Further east is Langres, an unmissable fortified town commanding a rocky outcrop. Wrapped in ramparts, and dominated by a tower, Langres was bordered by medieval enemies. Gabled but still secretive, it makes an inviting lunch stop. In Le Café de Foy, on Place Diderot, we tuck into the tasty local cheese salad and mirabelle tart, washed down with a jug of Chablis. Cuisine champenoise tends to come in two forms: earthy or gourmet, with prices to match. The simpler bistrots, like this one, may serve sauerkraut, andouillette sausages, pigs’ trotters, white pudding (boudin blanc), as well as servings of Langres and Chaource cheeses. Playful `bouchons de champagne’, chocolate champagne corks, reflect the biggest regional brand.
Winding gently north leads to Colombey-les-Deux-Eglises, a place of pilgrimage to the French, particularly for the older generation. In most polls of `the greatest Frenchman of all time’, de Gaulle rubs shoulders with Napoleon and Louis XIV. As General de Gaulle’s home, and sanctuary during the `wilderness years’, Colombey itself has become a symbol of French patriotism. La Boisserie, the family home, and the graveyard where de Gaulle is buried, draw reverent visitors. For outsiders, far more telling is the Memorial Charles de Gaulle, the museum dedicated not just to the General, but to the extraordinary wartime period that has shaped our times. De Gaulle was also part of the postwar reconciliation with his country’s greatest enemy, and a pivotal player in cementing the Franco-German axis that bound a reconstructed Germany to Europe. He did also pay tribute to Winston Churchill: “During the War, we stood tall, but Churchill stood taller.” Whatever his failings as an obdurate leader, or as a dictatorial statesman, de Gaulle’s patriotism was never in doubt, and he paved the way for the current European Union.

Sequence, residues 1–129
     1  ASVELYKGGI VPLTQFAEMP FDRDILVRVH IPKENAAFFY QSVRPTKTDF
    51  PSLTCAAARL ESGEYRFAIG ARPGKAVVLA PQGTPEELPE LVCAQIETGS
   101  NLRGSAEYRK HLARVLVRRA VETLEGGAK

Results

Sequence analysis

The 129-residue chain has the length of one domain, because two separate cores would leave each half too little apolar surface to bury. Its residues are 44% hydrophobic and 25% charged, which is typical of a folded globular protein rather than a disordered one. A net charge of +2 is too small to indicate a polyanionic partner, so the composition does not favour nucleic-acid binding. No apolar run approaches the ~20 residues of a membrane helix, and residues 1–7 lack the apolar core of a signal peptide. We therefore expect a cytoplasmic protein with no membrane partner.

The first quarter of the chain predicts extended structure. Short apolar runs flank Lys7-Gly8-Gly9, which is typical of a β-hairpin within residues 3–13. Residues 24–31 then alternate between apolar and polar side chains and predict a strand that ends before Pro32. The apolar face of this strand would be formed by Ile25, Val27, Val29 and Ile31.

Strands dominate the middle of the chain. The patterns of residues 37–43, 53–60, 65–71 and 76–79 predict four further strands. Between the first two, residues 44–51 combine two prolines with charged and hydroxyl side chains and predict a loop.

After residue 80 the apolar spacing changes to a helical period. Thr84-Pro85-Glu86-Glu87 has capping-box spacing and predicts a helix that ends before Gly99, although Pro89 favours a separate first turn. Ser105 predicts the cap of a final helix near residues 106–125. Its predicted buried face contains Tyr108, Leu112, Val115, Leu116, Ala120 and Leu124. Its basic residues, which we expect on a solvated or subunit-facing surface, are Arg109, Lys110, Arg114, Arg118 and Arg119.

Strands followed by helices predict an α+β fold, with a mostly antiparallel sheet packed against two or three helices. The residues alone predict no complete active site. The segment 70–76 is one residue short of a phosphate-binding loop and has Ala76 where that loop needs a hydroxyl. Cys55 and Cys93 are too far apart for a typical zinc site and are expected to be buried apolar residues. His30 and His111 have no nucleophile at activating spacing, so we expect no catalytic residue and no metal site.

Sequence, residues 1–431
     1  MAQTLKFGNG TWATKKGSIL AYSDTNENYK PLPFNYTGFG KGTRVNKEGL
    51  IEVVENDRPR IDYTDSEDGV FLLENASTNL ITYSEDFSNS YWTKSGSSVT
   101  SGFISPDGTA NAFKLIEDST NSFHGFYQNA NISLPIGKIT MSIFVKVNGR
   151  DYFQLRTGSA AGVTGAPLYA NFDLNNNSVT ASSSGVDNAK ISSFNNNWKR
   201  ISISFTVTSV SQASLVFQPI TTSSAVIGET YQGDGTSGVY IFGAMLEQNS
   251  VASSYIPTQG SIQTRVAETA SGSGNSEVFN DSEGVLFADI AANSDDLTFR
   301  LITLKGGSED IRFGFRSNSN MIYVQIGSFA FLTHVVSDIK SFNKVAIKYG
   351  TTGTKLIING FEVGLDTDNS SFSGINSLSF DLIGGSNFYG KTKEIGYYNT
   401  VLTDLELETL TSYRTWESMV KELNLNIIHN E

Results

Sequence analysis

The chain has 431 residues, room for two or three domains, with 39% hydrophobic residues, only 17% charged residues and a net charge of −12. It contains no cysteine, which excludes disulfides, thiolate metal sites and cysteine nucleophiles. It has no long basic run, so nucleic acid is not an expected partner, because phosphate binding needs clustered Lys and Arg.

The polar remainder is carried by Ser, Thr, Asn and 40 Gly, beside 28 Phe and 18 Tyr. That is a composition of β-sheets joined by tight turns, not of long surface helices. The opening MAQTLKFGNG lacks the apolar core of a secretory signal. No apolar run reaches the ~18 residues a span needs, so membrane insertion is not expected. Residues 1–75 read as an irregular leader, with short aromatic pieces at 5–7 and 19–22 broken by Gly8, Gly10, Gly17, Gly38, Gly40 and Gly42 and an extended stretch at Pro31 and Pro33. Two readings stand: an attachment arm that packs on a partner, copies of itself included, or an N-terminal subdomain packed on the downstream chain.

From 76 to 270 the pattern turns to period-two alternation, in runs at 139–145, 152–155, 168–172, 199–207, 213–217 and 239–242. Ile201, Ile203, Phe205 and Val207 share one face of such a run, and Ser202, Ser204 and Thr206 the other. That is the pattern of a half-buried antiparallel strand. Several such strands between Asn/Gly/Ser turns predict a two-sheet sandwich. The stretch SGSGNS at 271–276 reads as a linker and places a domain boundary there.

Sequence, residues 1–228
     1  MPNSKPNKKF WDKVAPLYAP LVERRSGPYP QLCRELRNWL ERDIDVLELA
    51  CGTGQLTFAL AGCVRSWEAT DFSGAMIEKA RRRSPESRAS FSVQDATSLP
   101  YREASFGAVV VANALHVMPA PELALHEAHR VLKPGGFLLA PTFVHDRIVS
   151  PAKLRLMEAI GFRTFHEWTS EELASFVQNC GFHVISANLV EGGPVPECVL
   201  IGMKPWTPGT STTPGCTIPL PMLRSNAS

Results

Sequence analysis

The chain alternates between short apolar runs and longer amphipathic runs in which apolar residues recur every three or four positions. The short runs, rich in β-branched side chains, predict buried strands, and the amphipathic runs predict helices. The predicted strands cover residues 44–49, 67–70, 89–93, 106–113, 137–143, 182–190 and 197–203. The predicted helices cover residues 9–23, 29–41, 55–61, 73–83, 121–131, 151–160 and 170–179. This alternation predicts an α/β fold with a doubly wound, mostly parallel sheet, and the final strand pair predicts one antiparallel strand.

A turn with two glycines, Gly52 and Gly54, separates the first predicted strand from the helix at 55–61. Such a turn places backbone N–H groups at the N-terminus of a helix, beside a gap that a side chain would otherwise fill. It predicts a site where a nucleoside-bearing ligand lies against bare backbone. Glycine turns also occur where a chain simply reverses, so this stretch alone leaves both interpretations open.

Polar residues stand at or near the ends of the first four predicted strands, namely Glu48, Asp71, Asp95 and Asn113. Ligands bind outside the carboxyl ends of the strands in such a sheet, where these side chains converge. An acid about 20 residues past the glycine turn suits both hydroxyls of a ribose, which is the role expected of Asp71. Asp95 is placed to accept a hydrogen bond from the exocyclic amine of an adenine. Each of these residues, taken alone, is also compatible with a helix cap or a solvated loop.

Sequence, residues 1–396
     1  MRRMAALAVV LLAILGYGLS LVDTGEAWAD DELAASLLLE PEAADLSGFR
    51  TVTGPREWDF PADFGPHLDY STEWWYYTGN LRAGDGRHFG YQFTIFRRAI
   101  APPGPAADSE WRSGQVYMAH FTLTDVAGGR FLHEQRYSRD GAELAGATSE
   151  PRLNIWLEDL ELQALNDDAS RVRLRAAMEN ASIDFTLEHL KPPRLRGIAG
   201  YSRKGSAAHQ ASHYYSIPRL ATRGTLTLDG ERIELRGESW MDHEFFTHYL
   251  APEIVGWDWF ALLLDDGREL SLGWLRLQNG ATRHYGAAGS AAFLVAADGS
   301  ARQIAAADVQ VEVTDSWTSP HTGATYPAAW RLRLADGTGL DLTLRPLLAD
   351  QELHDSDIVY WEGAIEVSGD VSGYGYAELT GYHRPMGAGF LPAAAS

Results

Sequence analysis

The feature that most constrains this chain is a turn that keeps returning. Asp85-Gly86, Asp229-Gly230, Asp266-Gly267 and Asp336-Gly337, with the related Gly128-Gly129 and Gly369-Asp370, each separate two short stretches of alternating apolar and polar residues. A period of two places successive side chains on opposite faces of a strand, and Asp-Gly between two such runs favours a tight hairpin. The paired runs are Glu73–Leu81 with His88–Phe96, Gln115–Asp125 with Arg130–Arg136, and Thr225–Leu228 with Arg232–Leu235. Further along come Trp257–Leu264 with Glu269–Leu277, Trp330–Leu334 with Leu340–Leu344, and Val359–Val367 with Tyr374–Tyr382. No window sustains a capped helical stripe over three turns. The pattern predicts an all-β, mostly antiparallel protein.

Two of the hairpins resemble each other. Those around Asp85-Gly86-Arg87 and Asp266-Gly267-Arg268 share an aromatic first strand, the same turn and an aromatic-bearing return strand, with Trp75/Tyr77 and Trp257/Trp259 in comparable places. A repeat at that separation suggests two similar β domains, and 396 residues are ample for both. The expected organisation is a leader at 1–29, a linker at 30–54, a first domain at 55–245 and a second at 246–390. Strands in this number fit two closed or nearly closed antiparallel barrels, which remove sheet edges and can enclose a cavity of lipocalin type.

We digest many of the unpalatable facts of modern European history in Hostellerie La Montagne, a charming Michelin-starred inn that de Gaulle would have found too creative for his traditional tastes. Nor was the General a fan of the local tipple. Instead, my drinking companion teases me about my Champagne consumption, quoting a sexist line of Chekhov: “When a woman starts on the slippery slope, she always starts with Champagne because it hisses like the serpent that tempted Eve.”
The road north naturally leads to Epernay, considered the epicentre of Champagne country. This wealthy wine citadel is riddled by a hundred kilometres of interlinking tunnels and cellars, all hewn from the chalk. Fine mansions line the Avenue de Champagne, headquarters of the most prestigious Champagne Houses. Nearby is the Royal Champagne Hotel, whose name offers a clue to the Michelin-starred restaurant and copious tastings within. Surrounded by vineyards, the restaurant follows foie gras and similar delicacies with Champagne-infused ice creams and sorbets, and a cellar of almost 300 vintage Champagnes. There really is no escape for the weak-willed or the abstemious.